We’re excited to highlight another of our LPS teachers – Marcy Burns, who teaches 5th grade science in Ohio. She and her students are involved in taking what they learn in the classroom and applying it to global scientific questions (how cool!) Here, she describes their experiences, and how their pen pals have helped to enhance their understanding of the world.
My name is Marcy Burns. I am a fifth-grade science teacher at Main Street Intermediate School in Norwalk, Ohio. Norwalk has a population of about 16,000 and is located halfway between Cleveland and Toledo. Main Street is part of the local public school system that serves a wide variety of students.
Since we live just twenty minutes south of Lake Erie, I believe that it is important for my students to understand our relationship with the lake. Each day my students record surface temperature, precipitation, and cloud cover data on our playground and submit it to the international GLOBE database. We are able to compare our data with data collected by other students around the world. This allows us to see the effect the lake has on our climate. We also study how our actions, particularly our use of plastics, can affect the lake and its watershed.
My favorite part of the year is packing up science equipment and walking to a nearby park to do our annual creek observation study. We collect data on water temperature and chemistry. We also sample and classify macro invertebrates to assess water quality. This year was particularly exciting because we found a zebra mussel. Zebra mussels are an invasive species from Russia that has been plaguing the Great Lakes since the 1980s. We reported it to the Department of Natural Resources and learned that this was the first one ever found in our area!
My most curious, driven students do independent inquiry projects motivated by our classroom learning and climate data collection. Four sixth graders who were in my class last year did projects with me this year as well. This year’s work included comparing our cloud data to the data satellites see, looking at air temperature in El Nino years and non-El Nino years in Ohio, Arizona, Europe, and Alaska, and investigating soil properties to see why grass won’t grow on our playground. My students have many opportunities to present their projects. They present to their peers and parents at the school science fair. We also travel to Toledo for a regional SATELLITES conference where we present alongside other student researchers from elementary school up through college. One group submitted their project to the international GLOBE virtual conference to be viewed by students and scientists all over the world. I enjoy seeing the hard work my students put into these projects and the pride they feel when they present.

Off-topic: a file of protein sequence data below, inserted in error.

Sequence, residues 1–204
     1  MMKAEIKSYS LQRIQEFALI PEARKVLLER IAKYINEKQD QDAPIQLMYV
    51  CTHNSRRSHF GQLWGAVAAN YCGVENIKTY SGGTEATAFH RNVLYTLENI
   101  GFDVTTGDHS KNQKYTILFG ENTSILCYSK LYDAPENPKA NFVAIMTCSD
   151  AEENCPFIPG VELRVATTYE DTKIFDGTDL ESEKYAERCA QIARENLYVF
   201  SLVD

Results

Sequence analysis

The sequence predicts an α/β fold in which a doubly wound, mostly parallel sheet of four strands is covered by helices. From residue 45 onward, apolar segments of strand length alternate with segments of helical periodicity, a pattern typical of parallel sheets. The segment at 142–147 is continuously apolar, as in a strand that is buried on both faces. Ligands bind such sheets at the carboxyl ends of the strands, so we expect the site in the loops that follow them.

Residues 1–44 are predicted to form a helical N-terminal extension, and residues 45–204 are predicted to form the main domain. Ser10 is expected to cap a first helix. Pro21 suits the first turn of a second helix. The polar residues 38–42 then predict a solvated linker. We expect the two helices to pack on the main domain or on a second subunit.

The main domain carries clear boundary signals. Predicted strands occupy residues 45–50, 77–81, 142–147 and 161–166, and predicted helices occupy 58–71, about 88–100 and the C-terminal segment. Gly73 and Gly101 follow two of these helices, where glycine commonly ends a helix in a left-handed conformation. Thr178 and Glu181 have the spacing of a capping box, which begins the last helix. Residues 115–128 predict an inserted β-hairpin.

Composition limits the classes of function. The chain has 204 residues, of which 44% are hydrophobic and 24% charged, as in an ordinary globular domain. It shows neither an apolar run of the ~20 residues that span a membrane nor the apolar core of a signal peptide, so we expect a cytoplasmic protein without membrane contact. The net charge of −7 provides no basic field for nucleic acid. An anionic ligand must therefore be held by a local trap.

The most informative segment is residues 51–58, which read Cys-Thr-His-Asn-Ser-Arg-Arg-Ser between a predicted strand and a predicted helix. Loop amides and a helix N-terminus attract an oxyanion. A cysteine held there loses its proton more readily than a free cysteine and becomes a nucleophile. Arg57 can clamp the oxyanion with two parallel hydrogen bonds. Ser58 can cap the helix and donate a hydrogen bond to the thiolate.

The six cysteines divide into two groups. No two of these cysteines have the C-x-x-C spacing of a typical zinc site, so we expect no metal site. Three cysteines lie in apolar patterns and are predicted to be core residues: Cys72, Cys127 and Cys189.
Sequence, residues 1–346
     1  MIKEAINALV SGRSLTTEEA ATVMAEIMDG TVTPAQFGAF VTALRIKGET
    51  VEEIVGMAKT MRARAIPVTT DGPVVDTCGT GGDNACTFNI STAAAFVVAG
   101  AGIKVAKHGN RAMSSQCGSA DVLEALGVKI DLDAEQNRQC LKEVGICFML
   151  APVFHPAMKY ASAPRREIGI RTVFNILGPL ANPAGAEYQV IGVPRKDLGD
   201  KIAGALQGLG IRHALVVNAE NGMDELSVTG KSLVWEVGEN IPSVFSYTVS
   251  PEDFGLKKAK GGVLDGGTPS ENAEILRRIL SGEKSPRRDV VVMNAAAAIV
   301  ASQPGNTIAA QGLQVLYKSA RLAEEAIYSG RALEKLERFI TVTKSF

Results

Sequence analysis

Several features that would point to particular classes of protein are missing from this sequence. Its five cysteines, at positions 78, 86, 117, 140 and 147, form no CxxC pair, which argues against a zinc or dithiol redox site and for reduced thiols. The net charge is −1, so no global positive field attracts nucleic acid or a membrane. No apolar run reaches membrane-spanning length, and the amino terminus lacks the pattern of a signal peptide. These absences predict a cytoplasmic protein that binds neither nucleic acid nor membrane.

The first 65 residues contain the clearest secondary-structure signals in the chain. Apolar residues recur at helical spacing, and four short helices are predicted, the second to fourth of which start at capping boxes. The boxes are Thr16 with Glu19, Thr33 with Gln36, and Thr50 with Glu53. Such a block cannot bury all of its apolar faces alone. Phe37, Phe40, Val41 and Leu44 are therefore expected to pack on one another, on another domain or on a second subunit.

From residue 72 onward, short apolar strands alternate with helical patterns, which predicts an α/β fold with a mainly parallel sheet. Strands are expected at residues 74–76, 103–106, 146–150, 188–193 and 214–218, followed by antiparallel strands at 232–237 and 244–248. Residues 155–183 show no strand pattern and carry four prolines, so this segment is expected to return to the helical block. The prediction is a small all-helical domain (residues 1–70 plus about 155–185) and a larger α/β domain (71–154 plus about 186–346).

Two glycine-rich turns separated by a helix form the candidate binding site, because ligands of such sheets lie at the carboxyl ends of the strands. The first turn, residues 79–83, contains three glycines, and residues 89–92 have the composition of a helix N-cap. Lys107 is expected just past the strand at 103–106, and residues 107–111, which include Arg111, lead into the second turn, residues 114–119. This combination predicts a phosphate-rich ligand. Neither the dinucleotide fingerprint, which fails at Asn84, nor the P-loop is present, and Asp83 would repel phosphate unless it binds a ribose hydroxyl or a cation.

Participating in Letters to a Pre-Scientist has further enriched my students’ connection to science. They love sharing their letters with each other and discussing what they have in common with their scientists. They have found it interesting that the passions they currently have, such as an interest in a particular animal, can lead to a science career. As a teacher, the most exciting part of LPS has been listening to the students talk informally with each other about what their scientists do. When we were discussing water pollution one of my students talked about how her NOAA scientist pen pal works with the marine debris program. On another occasion, we were working on a group activity about NASA satellite missions. Someone described how NASA was not the only organization to use satellites. His scientist pen pal had traveled to Brazil to launch a satellite for his research. Students then wondered what other types of science satellites there are.
I strive to develop young scientists in my classroom. Letters to a Pre-Scientist helps them to see the broad, global scientific community they are joining.